BioBeat16: Does UK life science need to better champion its achievements?

30 November 2016| by Richard Massey


A couple of weeks ago, BioStrata attended BioBeat16, a networking event and panel discussion featuring women in biobusiness who are delivering remarkable success in their field. The theme of the summit was Stretching Biotech Pharma Entrepreneurship, and the breadth of experience on the panel and in the room led to a lively and thought-provoking discussion. Some of the topics covered included collaborative working in life science, the importance of university technology transfer offices and innovative funding models.


Image courtesy of Nigel Luckhurst, Cambridge Judge Business School. Left to Right: (front row) Paul Avery, BioStrata; Helen Fox, Innovation Forum; Gaia Schia, AstraZeneca; (second row) Julie Walters, Raremark; Lynn Drummond, Venture Life Group plc; Sally Waterman, Abzena plc; (third row) Jane Osbourn, Medimmune; Inga Deakin, Imperial Innovations plc, Lucinda Osborne, Covington & Burling LLP, Miranda Weston-Smith, BioBeat Founder; (back row) Harriet Fear, One Nucleus; Shima Barakat, Cambridge Judge Business School.

Thinking bigger

One of the evening’s most interesting discussion points, initiated by panel speaker Julie Walters, founder of Raremark, was that some biotech start-ups feel forced to move out of the UK to the Massachusetts life science hub in order to grow their business. While she believes there’s never been a better time to be a healthcare entrepreneur, she questioned whether the UK life science ecosystem has the capacity to take her business to the next level.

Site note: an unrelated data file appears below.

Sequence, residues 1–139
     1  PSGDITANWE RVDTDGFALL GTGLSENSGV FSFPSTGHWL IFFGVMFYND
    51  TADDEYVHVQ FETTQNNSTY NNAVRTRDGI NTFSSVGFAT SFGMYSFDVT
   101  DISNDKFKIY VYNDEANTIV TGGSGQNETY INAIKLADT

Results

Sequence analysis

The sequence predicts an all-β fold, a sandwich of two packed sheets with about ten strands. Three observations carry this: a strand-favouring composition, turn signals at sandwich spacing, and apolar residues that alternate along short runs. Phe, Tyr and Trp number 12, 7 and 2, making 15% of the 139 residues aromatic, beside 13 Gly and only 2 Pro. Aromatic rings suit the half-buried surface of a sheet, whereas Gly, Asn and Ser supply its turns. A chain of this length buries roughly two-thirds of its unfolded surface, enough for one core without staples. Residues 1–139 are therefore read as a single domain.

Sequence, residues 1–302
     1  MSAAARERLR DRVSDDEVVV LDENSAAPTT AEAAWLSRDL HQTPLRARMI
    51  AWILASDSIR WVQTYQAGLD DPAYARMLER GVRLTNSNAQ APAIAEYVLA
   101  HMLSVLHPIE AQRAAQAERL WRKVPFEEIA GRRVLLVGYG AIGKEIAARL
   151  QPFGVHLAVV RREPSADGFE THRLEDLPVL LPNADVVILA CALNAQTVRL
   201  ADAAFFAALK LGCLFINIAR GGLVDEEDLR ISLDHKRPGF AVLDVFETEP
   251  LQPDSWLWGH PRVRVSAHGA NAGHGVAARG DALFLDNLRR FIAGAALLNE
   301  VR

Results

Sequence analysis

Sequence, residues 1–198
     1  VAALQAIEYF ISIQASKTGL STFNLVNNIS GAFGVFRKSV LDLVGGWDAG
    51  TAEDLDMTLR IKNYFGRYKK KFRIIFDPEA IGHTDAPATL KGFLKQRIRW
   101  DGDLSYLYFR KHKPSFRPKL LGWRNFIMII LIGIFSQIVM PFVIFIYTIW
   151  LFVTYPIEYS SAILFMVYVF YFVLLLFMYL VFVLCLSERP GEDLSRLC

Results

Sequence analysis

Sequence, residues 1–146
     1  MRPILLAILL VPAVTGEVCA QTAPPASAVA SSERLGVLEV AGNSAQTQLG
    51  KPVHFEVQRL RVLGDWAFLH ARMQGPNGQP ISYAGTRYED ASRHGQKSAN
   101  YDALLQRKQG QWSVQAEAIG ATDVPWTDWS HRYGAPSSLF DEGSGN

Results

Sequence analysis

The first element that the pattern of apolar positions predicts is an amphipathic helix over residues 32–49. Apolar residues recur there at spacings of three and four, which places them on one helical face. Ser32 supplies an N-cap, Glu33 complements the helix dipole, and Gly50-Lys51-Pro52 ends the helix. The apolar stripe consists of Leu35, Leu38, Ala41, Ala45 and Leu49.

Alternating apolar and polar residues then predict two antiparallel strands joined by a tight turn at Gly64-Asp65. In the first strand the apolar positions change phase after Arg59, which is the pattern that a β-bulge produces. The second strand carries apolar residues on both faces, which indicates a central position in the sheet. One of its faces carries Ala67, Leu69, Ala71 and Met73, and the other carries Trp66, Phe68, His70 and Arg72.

It all boils down to investment. Walters says that though securing seed funding to start a small life science business in the UK is relatively straightforward, scaling to a multi-million dollar enterprise is much easier in Boston, where her sales and marketing operations are located. “To put it into perspective, there’s more money in our building in Boston than there is in the entire UK life science sector”. She claims it can take 6 months in the UK to secure the same investment as it would by talking to an investor a few doors down the corridor.

Key to the success of the Massachusetts hub is the high concentration of commercial, regulatory and scientific expertise in one place. This makes it easier to bring together all the elements necessary to translate innovative research into effective commercial treatments that ultimately benefit patients. With this talent on the doorstep, and a strong entrepreneurial network in place, Walters believes investors across the Atlantic are more willing to take risks.


Expanding UK capability

Although the UK’s life science cluster isn’t as developed as Massachusetts, it has seen remarkable growth in recent years. Some reports say the UK’s ‘Golden Triangle’ (our hotbed of biotechnology industry centred between Cambridge, Oxford and London) is close to becoming the third most important life science hub in the world, after Boston and San Francisco.

Panel member Jane Osbourn, VP Research and Development for MedImmune and chair of the UK BioIndustry Association, opened her talk with a description of the facilities at the new AstraZeneca-MedImmune R&D centre and global headquarters, being built on the Cambridge Biomedical Campus, which puts interdisciplinary collaboration and open science at the heart of its design. She says the UK ecosystem is now embracing collaborative environments where the relationships between scientists, business experts and investors can be forged, and events like BioBeat play an essential role in this.